JOHANNESBURG (AP) — After hitting a top speed of 628 miles per hour (1,010 kilometers per hour) in South Africa’s Kalahari Desert, the earthbound jet that is Bloodhound is being packed up to return with its crew to Britain.

Part F1 racecar, part jet and part spaceship, Bloodhound completed four weeks of high-speed testing on the Hakskeen Pan track. Its crew will study the results to see what size rocket must be harnessed to the vehicle to help it break the world’s land speed record.

“It’s been terrific. The car, the track, the team, all have worked amazingly well,” spokesman Jules Tipler told The Associated Press.

Norwegian rocket manufacturer Nammo is developing a monopropellant rocket that is expected to produce the additional thrust needed for Bloodhound to break the world land speed record of 763 miles per hour (1,228 kilometers per hour) set in 1997.

In the South African tests, Bloodhound blazed along the 12-mile desert track that had been painstakingly cleared of all stones by the local Mier community. More than 300 workers removed 16,500 tons of rock from the dry lakebed. It’s the largest area of land ever cleared by hand for a motorsport event, according to the Bloodhound team.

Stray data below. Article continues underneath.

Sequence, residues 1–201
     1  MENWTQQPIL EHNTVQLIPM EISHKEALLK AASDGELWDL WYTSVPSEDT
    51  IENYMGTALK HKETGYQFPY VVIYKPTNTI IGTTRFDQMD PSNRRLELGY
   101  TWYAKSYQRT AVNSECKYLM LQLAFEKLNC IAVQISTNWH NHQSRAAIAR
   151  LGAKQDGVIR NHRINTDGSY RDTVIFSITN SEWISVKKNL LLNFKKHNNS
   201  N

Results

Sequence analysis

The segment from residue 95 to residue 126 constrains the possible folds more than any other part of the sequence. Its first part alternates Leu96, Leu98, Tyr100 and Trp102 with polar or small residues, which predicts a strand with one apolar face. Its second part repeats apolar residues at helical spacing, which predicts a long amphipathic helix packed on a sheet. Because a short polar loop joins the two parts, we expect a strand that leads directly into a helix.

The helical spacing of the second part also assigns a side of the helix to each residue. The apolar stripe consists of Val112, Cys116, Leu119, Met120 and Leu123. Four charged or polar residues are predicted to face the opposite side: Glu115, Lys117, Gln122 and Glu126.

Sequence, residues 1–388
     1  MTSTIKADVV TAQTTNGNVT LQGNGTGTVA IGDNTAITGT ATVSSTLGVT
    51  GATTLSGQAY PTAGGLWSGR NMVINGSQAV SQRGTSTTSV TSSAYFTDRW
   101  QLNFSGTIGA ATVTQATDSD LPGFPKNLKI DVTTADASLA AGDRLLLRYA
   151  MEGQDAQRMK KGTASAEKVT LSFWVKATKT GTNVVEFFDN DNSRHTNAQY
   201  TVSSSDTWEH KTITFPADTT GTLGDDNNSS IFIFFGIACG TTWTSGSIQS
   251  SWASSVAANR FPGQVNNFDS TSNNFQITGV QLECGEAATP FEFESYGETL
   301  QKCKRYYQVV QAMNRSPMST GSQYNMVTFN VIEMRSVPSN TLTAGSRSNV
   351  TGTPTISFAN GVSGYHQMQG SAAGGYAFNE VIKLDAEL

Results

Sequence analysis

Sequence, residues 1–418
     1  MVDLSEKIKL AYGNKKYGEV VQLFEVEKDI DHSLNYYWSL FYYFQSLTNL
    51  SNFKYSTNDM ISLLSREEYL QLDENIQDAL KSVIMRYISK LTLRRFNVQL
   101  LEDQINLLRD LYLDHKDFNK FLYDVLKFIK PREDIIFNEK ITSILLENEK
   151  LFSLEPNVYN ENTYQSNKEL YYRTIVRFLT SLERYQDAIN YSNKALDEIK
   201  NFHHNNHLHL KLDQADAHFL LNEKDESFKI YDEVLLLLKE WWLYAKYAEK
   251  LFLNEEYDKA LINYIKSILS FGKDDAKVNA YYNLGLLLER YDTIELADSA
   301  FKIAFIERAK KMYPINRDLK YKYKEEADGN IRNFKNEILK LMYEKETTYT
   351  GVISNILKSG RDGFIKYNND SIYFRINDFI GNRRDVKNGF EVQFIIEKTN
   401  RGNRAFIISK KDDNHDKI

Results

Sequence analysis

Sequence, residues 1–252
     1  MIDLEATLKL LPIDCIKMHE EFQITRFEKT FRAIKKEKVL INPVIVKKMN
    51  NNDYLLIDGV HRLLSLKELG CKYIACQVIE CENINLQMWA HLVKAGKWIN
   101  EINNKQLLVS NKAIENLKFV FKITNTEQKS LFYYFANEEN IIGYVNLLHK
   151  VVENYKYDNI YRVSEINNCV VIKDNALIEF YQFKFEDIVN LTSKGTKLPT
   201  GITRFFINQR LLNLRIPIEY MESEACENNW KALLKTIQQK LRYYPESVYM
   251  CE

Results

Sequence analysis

“The track was breathtakingly good,” Tipler said. “It is impeccable, no stones on it at all.”


Bloodhound driver Andy Green called the Hakskeen Pan track the best in the world for straight-line high-speed racing. He holds the current land speed record.

“Our speed objective for these tests was to reach 1,000 kilometers per hour. Hitting 1,010 kilometers per hour is a real milestone and shows just what the team and the car can achieve,” said Bloodhound owner Ian Warhurst.

“With the high-speed testing phase concluded, we will now move our focus to identifying new sponsors and the investment needed to bring Bloodhound back out to Hakskeen Pan in the next 12 to 18 months’ time.”

Warhurst said they have demonstrated that the car is “eminently capable of setting a new world land speed record.”